Normally I try to post (mostly) new or original ideas; things like a recipe I’ve developed or a different take on a decorating technique. Stuff like that. This post isn’t anything new or original, but it is something that I had a really hard time finding information on. Maybe that just means that everyone else already knows how to do this and I’m just behind, but seriously, this was so eye-opening. A real “light bulb” moment, if you know what I mean. It all started when I started following the amazing Liz over at Eat Cake, Be Merry. From the very first time I saw one of her jaw-dropping gorgeous all buttercream decorated cakes, I knew I had to learn how to do that. Buttercream flowers I can do, but I couldn’t for the life of me figure out how cake decorators got those flowers so close together. Seriously guys, how?! I knew there was a secret (or really obviously solution I was overlooking) to do it, and I finally found it. So pull out your piping bags, strap on that apron, and let’s get decorating!
Buttercream Flower Cake
Makes one cake
What you’ll need:
One cake (I used this recipe to make three layers of 6″ cake)
Food gel coloring
A flower nail (or a meat thermometer)
Wilton tips #102, 104, and 352
A cookie sheet (or two)
To start, you’re going to want to frost and assemble your cake. Any cake and any frosting will do, and you can frost it however you like. Personally, I used a modified American buttercream with half butter and half vegetable shortening to get a whiter frosting. Before you start making your flowers, you’ll want to cut up your parchment paper into small squares. This is what you’re going to be piping your flowers onto. Tint your frosting whatever color(s) you’re going to be using for your flowers, and load it into your bags with your frosting tips in place. Tape a piece of parchment to your flower nail (a round, broad-faced meat thermometer works well too), and start piping those flowers! For my cake, I used a 102 tip to create the white and yellow flowers, 104 for the pink, and 352 for the succulents. Here are a couple of links for making buttercream roses, primroses, poppies, and ranunculus if you’re new to buttercream flowers.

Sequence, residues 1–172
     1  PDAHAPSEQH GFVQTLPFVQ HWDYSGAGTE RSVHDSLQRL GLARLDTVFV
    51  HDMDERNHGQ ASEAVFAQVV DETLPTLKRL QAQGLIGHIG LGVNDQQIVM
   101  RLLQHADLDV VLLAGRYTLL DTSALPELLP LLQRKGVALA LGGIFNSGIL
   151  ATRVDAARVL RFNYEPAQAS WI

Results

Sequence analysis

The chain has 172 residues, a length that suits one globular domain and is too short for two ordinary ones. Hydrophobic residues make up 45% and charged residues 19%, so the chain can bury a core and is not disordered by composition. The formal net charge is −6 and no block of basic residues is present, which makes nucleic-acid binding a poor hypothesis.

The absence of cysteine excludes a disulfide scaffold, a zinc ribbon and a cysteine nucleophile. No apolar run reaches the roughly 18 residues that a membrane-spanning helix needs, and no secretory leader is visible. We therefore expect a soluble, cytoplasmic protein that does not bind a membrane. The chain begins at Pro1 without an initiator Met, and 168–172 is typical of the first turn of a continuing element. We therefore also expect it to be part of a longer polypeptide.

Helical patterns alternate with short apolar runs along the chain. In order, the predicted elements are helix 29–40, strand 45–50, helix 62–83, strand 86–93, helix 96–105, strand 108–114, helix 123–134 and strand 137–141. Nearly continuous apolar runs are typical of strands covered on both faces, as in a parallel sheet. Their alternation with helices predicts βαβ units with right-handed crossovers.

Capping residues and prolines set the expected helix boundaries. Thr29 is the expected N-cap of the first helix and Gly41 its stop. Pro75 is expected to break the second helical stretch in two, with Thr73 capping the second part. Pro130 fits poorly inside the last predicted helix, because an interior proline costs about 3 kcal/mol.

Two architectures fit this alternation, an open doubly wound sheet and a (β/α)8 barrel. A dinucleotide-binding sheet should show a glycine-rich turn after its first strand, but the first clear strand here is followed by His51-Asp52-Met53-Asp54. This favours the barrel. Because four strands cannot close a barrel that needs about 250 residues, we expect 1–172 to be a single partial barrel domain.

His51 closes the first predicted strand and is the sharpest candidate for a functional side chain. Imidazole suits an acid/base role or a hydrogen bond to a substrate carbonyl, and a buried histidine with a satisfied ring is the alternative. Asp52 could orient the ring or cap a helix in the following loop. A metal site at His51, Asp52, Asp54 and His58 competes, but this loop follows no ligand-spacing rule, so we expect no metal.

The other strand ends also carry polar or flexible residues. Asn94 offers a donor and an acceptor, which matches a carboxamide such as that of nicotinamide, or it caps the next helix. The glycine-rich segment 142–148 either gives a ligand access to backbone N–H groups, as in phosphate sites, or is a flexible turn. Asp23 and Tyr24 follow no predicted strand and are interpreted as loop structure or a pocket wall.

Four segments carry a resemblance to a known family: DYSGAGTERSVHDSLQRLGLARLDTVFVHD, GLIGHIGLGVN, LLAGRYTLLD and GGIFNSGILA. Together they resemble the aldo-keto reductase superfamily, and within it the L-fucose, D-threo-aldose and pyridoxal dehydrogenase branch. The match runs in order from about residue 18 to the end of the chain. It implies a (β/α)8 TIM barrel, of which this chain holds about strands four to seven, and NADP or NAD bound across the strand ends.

So here’s the awesome trick! Pipe out all your flowers onto your little pieces of parchment, load them up on a cookie sheet or two, and freeze them for about 15 minutes. When you’re ready to decorate your cake, simply peel them off and place them where you want! If they start to soften up while you’re working with them, simply put them back in the freezer for 5-10 minutes until they’re hard again.
Super awesome pro tip: freeze any extra flowers you have leftover until they’re nice and hard, then put them in a plastic bag and store in the freezer for last minute decorating.
Decorating technique adapted from Coco Cake Land